Levofloxacin Tablet (scored) Linezolid Moxifloxacin p-aminosalicylic acid (PAS) 4g sachet Prothionamide Rifabutin (RFB3) 6.3 Antifungals
50mg vial (as sodium Amphotericin B78 d) Oral liquid [c] 6.4 Antivirals
6.4.1 Antiherpes medicines
Specialist List Aciclovir82 250mg vial (as sodium salt) 6.4.2 Antiretrovirals Nucleoside/nucleotide reverse transcriptase inhibitors (NRTI)
Lamivudine (3TC) Tenofovir disoproxil Zidovudine (ZDV or AZT) 78 Only use in invasive fungal infections 79 Use as alternative to fluconazole in pregnancy 80 Use at Level 2 restricted to STI syndromic management only 81 Use only in cryptococcal meningitis 82 Use only in viral encephalitis KEML 2016
Dose-form Non-Nucleoside/nucleotide reverse transcriptase inhibitors (NNRTI)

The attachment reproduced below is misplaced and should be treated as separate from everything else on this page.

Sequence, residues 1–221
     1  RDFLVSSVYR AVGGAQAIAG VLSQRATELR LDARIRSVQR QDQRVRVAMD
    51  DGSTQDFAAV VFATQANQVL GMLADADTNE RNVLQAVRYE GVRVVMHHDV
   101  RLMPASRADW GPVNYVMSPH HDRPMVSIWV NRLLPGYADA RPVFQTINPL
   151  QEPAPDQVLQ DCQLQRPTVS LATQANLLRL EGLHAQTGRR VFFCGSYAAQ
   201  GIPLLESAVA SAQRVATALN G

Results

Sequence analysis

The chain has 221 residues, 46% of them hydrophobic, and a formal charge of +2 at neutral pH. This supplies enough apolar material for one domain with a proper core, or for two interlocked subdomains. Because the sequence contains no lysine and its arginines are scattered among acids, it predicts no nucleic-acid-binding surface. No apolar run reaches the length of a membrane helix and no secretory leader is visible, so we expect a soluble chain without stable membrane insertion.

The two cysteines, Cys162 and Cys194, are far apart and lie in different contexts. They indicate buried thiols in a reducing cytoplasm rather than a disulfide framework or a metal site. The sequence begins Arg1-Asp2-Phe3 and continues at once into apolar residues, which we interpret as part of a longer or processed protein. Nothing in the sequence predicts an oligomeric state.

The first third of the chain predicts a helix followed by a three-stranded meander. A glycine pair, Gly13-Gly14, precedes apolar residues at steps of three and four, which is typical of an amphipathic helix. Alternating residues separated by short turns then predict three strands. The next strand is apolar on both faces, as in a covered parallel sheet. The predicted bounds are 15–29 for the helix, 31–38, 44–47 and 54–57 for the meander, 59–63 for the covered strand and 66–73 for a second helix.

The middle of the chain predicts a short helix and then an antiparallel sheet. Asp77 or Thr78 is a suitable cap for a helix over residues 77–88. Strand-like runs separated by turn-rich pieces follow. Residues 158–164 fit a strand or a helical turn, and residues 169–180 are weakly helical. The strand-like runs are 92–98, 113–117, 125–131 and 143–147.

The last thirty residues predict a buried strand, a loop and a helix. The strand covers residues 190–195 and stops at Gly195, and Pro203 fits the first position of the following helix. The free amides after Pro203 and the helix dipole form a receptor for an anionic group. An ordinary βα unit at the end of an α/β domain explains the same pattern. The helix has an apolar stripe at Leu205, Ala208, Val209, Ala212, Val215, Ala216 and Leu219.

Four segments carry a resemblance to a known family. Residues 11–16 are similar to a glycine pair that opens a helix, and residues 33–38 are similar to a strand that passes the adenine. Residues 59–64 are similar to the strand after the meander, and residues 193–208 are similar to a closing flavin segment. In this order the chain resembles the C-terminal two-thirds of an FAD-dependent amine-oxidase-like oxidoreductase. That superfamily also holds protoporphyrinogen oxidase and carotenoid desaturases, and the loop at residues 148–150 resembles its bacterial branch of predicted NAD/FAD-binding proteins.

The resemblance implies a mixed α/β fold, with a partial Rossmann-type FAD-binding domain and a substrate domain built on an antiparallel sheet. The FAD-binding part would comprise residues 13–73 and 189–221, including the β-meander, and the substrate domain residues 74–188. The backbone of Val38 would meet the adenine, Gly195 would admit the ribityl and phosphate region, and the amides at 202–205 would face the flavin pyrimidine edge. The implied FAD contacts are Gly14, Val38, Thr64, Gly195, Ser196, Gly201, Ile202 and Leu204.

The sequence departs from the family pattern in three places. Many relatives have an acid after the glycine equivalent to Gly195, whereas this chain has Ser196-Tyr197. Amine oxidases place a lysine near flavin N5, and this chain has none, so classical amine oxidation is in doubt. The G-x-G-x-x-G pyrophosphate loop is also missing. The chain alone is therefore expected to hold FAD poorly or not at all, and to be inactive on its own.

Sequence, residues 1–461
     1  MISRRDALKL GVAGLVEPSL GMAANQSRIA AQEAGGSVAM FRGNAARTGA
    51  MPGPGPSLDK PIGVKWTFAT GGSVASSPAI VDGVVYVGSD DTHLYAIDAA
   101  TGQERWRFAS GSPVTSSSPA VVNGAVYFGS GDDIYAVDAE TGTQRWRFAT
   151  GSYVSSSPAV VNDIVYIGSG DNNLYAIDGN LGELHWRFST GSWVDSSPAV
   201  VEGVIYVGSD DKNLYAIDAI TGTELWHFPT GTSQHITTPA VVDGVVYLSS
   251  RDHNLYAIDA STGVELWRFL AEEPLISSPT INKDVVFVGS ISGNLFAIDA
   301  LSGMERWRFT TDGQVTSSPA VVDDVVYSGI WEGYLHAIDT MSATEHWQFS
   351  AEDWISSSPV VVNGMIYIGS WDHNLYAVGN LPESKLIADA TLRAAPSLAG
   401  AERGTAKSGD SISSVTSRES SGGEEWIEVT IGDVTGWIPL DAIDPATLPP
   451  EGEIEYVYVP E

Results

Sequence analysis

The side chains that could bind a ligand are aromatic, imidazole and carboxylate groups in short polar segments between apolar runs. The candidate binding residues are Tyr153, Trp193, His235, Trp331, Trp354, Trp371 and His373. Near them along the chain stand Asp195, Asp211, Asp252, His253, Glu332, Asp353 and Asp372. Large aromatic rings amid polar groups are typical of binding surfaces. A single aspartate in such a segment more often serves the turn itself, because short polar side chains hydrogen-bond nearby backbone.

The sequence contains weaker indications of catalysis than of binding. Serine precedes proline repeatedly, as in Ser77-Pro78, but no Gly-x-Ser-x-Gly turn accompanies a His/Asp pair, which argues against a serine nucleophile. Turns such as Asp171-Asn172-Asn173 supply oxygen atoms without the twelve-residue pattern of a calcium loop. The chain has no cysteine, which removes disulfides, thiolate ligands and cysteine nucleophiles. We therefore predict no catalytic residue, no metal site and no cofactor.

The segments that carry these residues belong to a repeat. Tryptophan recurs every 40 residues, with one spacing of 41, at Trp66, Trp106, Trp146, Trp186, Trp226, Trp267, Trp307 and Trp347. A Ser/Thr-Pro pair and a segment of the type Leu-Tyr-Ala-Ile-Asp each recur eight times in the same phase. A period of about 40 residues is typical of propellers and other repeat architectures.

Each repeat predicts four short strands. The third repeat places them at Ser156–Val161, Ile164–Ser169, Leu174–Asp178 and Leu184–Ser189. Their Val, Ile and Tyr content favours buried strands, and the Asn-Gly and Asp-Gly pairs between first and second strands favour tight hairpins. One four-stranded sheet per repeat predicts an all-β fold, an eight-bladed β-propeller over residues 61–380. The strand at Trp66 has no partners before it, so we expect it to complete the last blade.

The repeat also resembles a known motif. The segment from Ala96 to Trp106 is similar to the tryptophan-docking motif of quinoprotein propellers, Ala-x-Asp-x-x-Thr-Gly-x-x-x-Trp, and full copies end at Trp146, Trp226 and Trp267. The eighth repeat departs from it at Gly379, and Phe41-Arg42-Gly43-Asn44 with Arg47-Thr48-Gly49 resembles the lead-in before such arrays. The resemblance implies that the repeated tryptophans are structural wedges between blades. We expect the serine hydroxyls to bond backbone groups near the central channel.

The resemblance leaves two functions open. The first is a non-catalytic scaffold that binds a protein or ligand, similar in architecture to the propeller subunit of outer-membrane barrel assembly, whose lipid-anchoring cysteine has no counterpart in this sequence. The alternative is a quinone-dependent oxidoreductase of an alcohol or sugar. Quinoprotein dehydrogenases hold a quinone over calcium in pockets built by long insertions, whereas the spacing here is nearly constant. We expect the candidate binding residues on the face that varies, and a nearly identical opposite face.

(double-scored) Efavirenz (EFV or EFZ) Etravirine (ETV) Nevirapine (NVP) Protease inhibitors
Atazanavir + ritonavir a) Oral liquid (susp) 100mg/mL 400mg + 100mg/5mL Lopinavir + ritonavir (LPV/r) (heat-stable) a) Oral liquid Ritonavir Integrase inhibitor Fixed-dose combinations (FDCs)
a) 60mg (as sulphate) Abacavir + lamivudine b) 120mg (as sulphate) + 60mg c) 600mg (as sulphate) + 60mg a) 400mg + 300mg + Efavirenz + lamivudine + b) 600mg + 300mg + (EFV + 3TC + TDF) Emtricitabine + tenofovir 83 This strength is being phased out 84 Tenofovir disoproxil fumarate (TDF) KEML 2016
Lamivudine + tenofovir (disoproxil fumarate) Lamivudine + zidovudine b) 150mg + 300mg a) 30mg + 50mg + Lamivudine + nevirapine + zidovudine b) 150mg + 200mg + (3TC + NVP + ZDV) 6.4.3 Other antivirals
Specialist List

Ganciclovir85 500mg vial Ribavirin86 (film-coated) 6.4.4 Antihepatitis medicines87 Hepatitis B medicines
Specialist List
Pegylated interferon Injection (vial or 180 micrograms prefilled syringe) Tenofovir disoproxil fumarate (TDF) Hepatitis C medicines
Specialist List
Pegylated interferon Injection (vial or 180 micrograms prefilled syringe) Tablet Ribavirin89 (film-coated) 6.5 Antiprotozoals
6.5.1 Antiamoebic & antigiardia Medicines